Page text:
Who Should Not Have The Vaccine
The pneumococcal vaccine used between 1978 and 1983 protected against only 14 types of the pneumococcus. People who received this vaccine do not usually need to get another shot.
- If you think you have already been vaccinated for pneumococcal disease, let your doctor know.
- The polysaccharide pneumococcal vaccine is not recommended for children under two years of age.
- You should not have the vaccine if you have a severe allergy to any component of the vaccine.
How Often Should I Be Vaccinated
There are two types of pneumococcal vaccines available for adults: a pneumococcal polysaccharide vaccine and a pneumococcal conjugate vaccine . Adults with kidney disease, kidney failure, or a kidney transplant need to receive both vaccines.
Most healthy adults only need to be vaccinated one time, but some people at high risk, including people with kidney disease, dialysis-treated patients, and people with kidney transplants, need to receive two pneumococcal vaccines initially followed by revaccination in five years. Ask your doctor about your specific circumstances.
Effectiveness Of The Pneumococcal Vaccine
Children respond very well to the pneumococcal vaccine.
The introduction of this vaccine into the NHS childhood vaccination schedule has resulted in a large reduction in pneumococcal disease.
The pneumococcal vaccine given to older children and adults is thought to be around 50 to 70% effective at preventing pneumococcal disease.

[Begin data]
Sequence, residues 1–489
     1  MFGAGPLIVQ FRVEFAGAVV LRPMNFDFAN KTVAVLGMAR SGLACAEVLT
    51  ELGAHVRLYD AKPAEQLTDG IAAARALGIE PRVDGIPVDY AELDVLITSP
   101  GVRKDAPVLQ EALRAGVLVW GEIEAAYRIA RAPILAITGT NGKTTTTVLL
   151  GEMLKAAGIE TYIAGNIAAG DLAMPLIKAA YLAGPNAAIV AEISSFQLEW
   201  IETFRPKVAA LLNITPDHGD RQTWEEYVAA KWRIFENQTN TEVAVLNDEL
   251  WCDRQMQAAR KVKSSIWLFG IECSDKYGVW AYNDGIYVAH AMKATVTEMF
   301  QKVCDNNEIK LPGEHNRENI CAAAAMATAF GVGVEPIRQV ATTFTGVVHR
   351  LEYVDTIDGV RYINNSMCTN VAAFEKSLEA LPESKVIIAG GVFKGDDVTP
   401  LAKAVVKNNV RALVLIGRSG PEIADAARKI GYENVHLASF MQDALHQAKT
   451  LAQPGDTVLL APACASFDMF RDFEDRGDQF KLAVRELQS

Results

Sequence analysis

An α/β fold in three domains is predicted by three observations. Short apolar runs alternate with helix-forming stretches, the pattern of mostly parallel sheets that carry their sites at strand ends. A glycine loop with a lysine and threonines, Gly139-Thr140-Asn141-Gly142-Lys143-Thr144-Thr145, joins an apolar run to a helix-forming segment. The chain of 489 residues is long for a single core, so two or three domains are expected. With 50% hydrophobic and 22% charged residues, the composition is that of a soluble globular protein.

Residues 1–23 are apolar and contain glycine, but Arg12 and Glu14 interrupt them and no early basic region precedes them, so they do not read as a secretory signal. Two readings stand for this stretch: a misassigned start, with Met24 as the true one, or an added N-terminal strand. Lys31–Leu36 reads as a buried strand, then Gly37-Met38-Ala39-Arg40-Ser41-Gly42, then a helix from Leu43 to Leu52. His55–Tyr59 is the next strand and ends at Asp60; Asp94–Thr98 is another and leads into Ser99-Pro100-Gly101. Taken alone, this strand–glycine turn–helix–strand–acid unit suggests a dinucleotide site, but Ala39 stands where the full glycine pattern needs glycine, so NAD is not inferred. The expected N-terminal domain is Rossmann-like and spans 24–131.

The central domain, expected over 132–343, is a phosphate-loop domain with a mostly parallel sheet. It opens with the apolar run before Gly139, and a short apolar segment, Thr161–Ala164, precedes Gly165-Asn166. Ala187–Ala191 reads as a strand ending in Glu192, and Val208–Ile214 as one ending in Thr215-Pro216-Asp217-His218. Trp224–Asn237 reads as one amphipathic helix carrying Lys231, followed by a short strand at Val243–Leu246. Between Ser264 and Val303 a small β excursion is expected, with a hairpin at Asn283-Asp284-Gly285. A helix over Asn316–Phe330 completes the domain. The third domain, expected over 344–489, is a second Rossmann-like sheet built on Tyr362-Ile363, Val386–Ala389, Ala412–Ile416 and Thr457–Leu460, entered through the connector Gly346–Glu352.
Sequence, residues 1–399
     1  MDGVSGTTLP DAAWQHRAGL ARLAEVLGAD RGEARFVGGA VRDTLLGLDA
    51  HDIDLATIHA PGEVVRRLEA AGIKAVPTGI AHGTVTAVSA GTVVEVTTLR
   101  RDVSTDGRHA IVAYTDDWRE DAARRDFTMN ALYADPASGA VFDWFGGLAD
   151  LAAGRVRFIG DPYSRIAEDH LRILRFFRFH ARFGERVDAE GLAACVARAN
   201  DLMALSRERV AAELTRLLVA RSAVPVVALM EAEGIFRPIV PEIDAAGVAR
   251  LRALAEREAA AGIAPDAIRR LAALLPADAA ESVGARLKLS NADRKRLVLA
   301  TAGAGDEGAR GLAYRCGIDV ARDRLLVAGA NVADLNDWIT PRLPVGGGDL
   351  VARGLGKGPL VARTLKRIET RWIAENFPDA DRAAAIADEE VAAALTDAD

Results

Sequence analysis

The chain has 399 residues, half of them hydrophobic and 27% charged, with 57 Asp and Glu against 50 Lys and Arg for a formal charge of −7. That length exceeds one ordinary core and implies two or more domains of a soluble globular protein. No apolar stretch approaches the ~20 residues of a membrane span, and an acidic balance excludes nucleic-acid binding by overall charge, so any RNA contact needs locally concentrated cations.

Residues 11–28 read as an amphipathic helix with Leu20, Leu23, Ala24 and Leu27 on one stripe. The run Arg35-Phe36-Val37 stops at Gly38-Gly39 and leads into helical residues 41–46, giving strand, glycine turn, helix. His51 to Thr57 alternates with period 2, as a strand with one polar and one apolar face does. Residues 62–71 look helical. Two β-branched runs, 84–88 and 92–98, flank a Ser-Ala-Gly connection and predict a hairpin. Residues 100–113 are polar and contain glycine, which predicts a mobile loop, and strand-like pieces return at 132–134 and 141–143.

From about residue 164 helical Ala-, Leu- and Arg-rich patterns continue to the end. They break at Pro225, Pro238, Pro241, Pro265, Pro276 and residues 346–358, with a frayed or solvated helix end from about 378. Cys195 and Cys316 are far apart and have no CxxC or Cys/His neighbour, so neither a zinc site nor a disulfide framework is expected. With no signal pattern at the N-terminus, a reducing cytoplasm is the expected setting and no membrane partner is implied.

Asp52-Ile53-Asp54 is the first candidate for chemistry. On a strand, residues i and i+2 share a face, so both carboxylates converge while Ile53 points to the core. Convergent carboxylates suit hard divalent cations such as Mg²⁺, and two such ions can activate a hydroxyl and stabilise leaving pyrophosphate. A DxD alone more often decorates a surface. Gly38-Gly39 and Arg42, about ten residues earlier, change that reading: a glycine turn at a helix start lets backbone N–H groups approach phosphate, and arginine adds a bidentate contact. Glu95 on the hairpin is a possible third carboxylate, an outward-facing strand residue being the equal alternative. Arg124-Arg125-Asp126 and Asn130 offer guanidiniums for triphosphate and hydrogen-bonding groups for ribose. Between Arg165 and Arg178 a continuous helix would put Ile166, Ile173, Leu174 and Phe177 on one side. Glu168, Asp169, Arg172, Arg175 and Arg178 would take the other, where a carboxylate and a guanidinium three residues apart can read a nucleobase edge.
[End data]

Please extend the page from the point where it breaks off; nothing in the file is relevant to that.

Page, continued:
Both types of pneumococcal vaccine are inactivated or “killed” vaccines and do not contain any live organisms. They cannot cause the infections they protect against.
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Do Children Need Protection Against Pneumococcal Disease
Yes. Infants and young children in the United States need to be protected against pneumococcal disease. In fact, they are routinely vaccinated for pneumococcal disease because it is part of the standard infant immunization schedule. Pneumococcal vaccine is also recommended for older children and adolescents with kidney disease, kidney failure, or an organ transplant, even if they received the vaccine as infants. If your child hasn’t been vaccinated, talk to your doctor.
How Long Does A Pneumonia Shot Last
- Younger than 2 years old: four shots
- 65 years old or older: two shots, which will last you the rest of your life
- Between 2 and 64 years old: between one and three shots if you have certain immune system disorders or if youre a smoker
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Medical Conditions Resulting In High Risk Of Ipd
Table 1: Medical Conditions Resulting in High risk of IPD
IPD is more common in the winter and spring in temperate climates.